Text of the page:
Michel Rosenfeld, Co-Director of the ISCP, is University Professor of Law and Comparative Democracy, Justice Sydney L. Robins Professor of Human Rights, and Director of the Program on Global and Comparative Constitutional Theory at Cardozo. He is one of the leading comparative constitutional law scholars in this country and internationally. Professor Rosenfeld’s many books include Affirmative Action and Justice: A Philosophical and Constitutional Inquiry (Yale Univ. Press 1991), which in 1992 was named outstanding book on the subject of human rights in the U.S. by the Gustave Meyers Center; Just Interpretations: Law Between Ethics and Politics (Univ. of California Press 1998), which has been translated into French and Italian; Comparative Constitutionalism: Cases and Materials (3d ed., West 2016) (with Baer, Dorsen, Mancini and Sajo); The Identity of the Constitutional Subject: Selfhood, Citizenship, Culture, and Community (Routledge 2010); Law, Justice, Democracy and the Clash of Cultures: A Pluralist Account (Cambridge U. Press 2011); and Democracies sous stress: les defis du terrorisme global (“Democracies under stress: the challenges of global terrorism”) (Presses Universitaires de France “PUF” 2016) (with Antoine Garapon). He is the co-editor, with Andras Sajo, of The Oxford Handbook of Comparative Constitutional Law (Oxford Univ. Press 2012) and, with Susanna Mancini, of The Conscience Wars: Rethinking the Balance between Religion, Identity, and Equality (Cambridge Univ. Press 2018), among many other volumes. His work has been translated into Chinese, French, Greek, Hebrew, Hungarian, Italian, Portuguese, Russian, Turkish and Spanish. Professor Rosenfeld is a founding member and president of the United States Association of Constitutional Law, the founding editor-in-chief of the International Journal of Constitutional Law (I•CON) from 2001 to 2014, and was president of the International Association of Constitutional Law (1999-2004). Professor Rosenfeld has held distinguished visiting lectureships at universities throughout the world. Among his many honors, in 2004 he received the French government's highest and most prestigious award, the Legion of Honor.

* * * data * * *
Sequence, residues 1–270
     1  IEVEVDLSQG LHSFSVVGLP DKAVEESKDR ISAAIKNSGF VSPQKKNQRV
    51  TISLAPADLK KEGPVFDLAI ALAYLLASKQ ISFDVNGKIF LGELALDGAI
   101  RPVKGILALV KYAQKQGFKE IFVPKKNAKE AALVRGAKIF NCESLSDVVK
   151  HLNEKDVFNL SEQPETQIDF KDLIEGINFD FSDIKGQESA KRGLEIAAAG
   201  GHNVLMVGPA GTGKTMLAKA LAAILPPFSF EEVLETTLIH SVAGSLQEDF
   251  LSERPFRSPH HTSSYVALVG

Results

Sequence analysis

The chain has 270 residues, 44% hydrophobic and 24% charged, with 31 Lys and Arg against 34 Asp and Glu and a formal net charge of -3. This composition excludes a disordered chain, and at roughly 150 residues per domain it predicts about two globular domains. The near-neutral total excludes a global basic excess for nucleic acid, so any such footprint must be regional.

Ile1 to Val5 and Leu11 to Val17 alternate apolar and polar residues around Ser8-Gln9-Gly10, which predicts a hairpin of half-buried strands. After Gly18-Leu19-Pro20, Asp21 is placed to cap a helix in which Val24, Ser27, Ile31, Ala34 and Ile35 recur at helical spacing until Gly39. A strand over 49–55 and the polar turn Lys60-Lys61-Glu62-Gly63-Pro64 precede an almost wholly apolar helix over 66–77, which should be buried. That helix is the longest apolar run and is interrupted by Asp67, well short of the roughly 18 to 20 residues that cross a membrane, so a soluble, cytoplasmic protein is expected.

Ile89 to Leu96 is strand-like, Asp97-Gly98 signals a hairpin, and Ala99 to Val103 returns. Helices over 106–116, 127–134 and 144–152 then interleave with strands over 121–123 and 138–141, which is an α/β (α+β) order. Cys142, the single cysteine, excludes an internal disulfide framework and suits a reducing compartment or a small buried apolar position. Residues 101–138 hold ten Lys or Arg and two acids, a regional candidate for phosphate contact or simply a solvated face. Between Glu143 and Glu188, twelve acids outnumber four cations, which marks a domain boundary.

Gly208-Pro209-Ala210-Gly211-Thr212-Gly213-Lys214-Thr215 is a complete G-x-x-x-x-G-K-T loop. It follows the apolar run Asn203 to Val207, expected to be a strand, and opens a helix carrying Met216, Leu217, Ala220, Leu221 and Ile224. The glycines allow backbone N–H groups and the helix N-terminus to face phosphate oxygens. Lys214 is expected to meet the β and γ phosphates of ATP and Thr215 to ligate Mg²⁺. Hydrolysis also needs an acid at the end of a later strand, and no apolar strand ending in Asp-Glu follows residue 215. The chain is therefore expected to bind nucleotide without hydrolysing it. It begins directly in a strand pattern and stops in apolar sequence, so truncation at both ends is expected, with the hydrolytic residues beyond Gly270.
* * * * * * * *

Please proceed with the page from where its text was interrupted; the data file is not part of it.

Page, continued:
Suzanne Last Stone, co-director of the ISCP, is University Professor of Jewish Law and Contemporary Civilization, Professor of Law, and Director of the Center for Jewish Law and Contemporary Civilization. She has held the Gruss Visiting Chair in Talmudic Civil Law at both the Harvard and University of Pennsylvania Law Schools, and also has visited at Princeton, Columbia Law, Hebrew University Law, and Tel Aviv Law. She is a graduate of Princeton University and Columbia University Law School and was a Danforth Fellow in 1974 in Jewish History and Classical Religions at Yale University. Before joining the Cardozo faculty, Stone clerked for Judge John Minor Wisdom of the Fifth Circuit Court of Appeals and then practiced litigation at Paul, Weiss, Rifkind, Wharton and Garrison. In addition to teaching courses in Jewish Law and Political Thought and Jewish Law and American Legal Theory, she regularly teaches Civil Procedure, Federal Courts, and Law, Religion and the State. Professor Stone is the co-editor-in-chief of Diné Israel, a peer reviewed journal of Jewish law, co-edited with Tel Aviv Law School. She is also on the editorial board of the Jewish Quarterly Review. She is a member of the board of the Jewish People Policy Planning Institute, the International Association of Jewish Lawyers and Jurists, and the International Summer School in Religion and Public Life. Professor Stone writes and lectures on the intersection of Jewish thought, legal theory, and the humanities. Her publications include: "In Pursuit of the Counter-text: The Turn to the Jewish Legal Model in Contemporary American Legal Theory" (Harvard Law Review); "The Jewish Conception of Civil Society," in Alternative Conceptions of Civil Society (Princeton University Press); "Feminism and the Rabbinic Conception of Justice," in Women and Gender in Jewish Philosophy (Indiana University); and "Law Without Nation? The Ongoing Jewish Discussion," in Law Without Nations (Stanford University Press). Her work has been translated into German, French, Italian, Hebrew, and Arabic.
Ari Mermelstein, Assistant Professor of Bible at Yeshiva University, serves as the assistant director of the ISCP. Professor Mermelstein holds a PhD from NYU's Department of Hebrew & Judaic Studies, a JD from NYU Law School, and a BA from Yeshiva College. He is also the assistant director of the YU Center for Jewish Law and Contemporary Civilization at Cardozo Law School. Dr. Mermelstein's first book, Creation, Covenant, and the Beginnings of Judaism: Reconceiving Historical Time in the Second Temple Period, was published in the Supplement Series to the Journal for the Study of Judaism (Brill, 2014). His current research agenda is devoted to the study of emotion in ancient Judaism. He has edited several volumes, including Jews and the Law (Quid Pro Press, 2014) and The Divine Courtroom in Comparative Perspective (Brill, 2014).
Avinoam Sharon is the Editor-in-Chief of the ISCP Blog. A former senior military attorney in Israel, he was a Graduate Fellow in the Consortium in Jewish Studies and Legal Theory at Cardozo and is currently a doctoral student in Talmud and Jewish Law at The Jewish Theological Seminary of America. His reasearch focuses on National Security Law, the Law of Armed Conflicts, Talmud and Legal Theory. His most recent publications are Height Theology: The Theological Use of Lexical Ambiguity in the David and Goliath Story, Jewish Bible Quarterly (2017), and Peacekeepers: Will They Advance Any Prospective Arab-Israeli Peace Agreement?, Fordham Int'l Law Journal (2014). He is a graduate of Columbia University, holds an M.A. from the Jewish Theological Seminary of America, and holds a law degree from The Hebrew University of Jerusalem.